No Man's Land

Soldiers of the Wiltshire Regiment attack across no-man's-land at the Somme, August 1916.

Soldiers of the Wiltshire Regiment attack across no-man's-land at the Somme, August 1916.

It's the last day of January. How many New Year's resolutions lie in smoldering ruins? I've managed to give new life to two of mine—losing weight and reading seventy books—through a simple change of routine. I'm spending half an hour on the stationary bike every day, half an hour to exercise, clear my mind, and read. I've already managed to blister through three novels this way: Evelyn Waugh's hilarious Scoop, Ready Player One (about which more at another time, perhaps), and the subject of today's post, No Man's Land, by Simon Tolkien.

I haven't actually finished No Man's Land yet, but I already want to recommend it. It was a breath of fresh air, after the empty ephemera of Ready Player One, to read a novel that, while imperfect, wants to grapple with real life, with things that matter. 

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No Man's Land is the story of Adam Raine, a London boy whose father, a socialist labor activist, moves himself and Adam to a coal mining town in the north of England. There, Adam's father, a changed man after the tragedy that drove them from London, struggles as a union negotiator to balance the demands of his fellow workers with the realities of mining life and the claims of the mine's owner, Sir John Scarsdale. Adam struggles to fit in; he's a bright, bookish boy and his father works hard to keep him in school and out of the mine. Demagogues and agitators threaten Adam's father's position and the safety of everyone in the mine, and local boys show a natural hostility to Adam. Another tragedy brings the two halves of this story together, and sets Adam's life on a new and unexpected course.

When Adam is taken in by Sir John with the promise of seeing that he completes his schooling and has a chance at an Oxford scholarship, Adam becomes close with Seaton, Sir John's elder son, a principled, good-humored army officer, but falls foul of Brice, Seaton's younger brother, a boy Adam's own age. Brice is conceited, self-absorbed, and entitled. He also aims to marry Miriam, the beautiful daughter of the local parson and the object of Adam's admiration since the day he met her.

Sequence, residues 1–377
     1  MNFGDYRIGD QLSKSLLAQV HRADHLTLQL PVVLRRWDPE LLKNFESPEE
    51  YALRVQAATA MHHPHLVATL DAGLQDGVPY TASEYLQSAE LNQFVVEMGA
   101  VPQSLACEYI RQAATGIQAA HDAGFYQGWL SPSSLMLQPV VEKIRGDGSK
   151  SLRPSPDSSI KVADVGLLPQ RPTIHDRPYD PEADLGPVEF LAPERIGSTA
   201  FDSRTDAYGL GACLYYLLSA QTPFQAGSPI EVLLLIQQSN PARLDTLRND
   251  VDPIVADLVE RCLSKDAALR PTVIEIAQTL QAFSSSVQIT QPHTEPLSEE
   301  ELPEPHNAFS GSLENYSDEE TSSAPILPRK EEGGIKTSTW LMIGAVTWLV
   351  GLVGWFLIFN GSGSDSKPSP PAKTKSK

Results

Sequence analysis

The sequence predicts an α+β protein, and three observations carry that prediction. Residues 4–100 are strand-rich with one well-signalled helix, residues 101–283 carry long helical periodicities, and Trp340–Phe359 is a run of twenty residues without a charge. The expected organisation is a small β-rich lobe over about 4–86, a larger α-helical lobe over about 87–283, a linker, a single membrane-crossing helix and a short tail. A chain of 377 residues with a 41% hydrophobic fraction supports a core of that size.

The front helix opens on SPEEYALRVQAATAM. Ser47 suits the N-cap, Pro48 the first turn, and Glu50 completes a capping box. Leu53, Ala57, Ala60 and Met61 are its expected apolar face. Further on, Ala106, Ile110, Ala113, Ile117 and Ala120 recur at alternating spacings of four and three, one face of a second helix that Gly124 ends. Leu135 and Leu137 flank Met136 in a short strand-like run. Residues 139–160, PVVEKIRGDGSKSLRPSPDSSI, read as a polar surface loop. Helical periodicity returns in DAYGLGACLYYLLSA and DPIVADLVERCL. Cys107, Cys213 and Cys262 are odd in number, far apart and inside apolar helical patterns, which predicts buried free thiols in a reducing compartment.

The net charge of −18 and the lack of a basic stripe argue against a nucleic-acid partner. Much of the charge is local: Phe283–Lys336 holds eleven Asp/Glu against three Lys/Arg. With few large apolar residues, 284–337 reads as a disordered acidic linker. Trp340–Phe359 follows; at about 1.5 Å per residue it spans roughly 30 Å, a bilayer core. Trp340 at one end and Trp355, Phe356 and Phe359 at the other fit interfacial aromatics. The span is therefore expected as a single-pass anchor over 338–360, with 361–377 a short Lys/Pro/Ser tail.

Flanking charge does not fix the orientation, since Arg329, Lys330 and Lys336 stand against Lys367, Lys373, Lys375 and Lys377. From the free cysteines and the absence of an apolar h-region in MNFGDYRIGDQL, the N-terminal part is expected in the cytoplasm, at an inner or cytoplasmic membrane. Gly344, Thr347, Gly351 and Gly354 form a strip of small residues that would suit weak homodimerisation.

The novel begins in 1900, when Adam is a small boy, and, as the title suggests, the First World War is the ever-present, looming threat to all of this—to Adam's romance with Miriam, to the mine and its workers and their families, to Sir John and his heirs, to Britain, and to the lives of all the characters. When war comes, most of them end up in the trenches. Adam, Seaton, and their peers from Scarsdale end up at the Somme.

I have less than 200 pages to go, and the story has just brought us to July 1, 1916, the awful first day of the British assault on the Somme, a day that saw over 19,000 British soldiers killed, most within the first few hours, and another 38,000 wounded. The author depicts the battle in all its horror, without flinching or holding back. Not all of the characters made it out of that first day--and the Battle of the Somme lasted until mid-November. 

With its class struggle, romantic rivalries, and large cast of workers, housewives, butlers, country parsons, lords, and ladies, No Man's Land teeters on the brink of melodrama. Comparisons to Downton Abbey suggest themselves, but the novel reminds me more of Dickens than contemporary TV. The characters are sympathetically portrayed and well-drawn, and their conflicts with each other feel real. This is especially refreshing in a Games of Thrones era in which everything is resolved with murder, rape, or some combination of the two. 

Most interestingly, and something the publishers have taken full advantage of in promoting the book—the novel is dedicated to JRR Tolkien, the author's grandfather. Simon Tolkien drew on his grandfather's experiences at the Somme as an inspiration, and certain elements of the narrative, such as Adam's chaste, dutiful pursuit of Miriam, reflect real moments from Tolkien's life. The novel is mostly fiction, the plot and characters mostly fictitious, but its connection to a remarkable real life man lends the novel a richness that elevates the book.

I may have more thoughts when I've finished the book. As I've said, it's imperfect, but it's very, very good, a refreshingly old-fashioned novel that realistically and sympathetically depicts a crucial historical moment through the lives of ordinary people.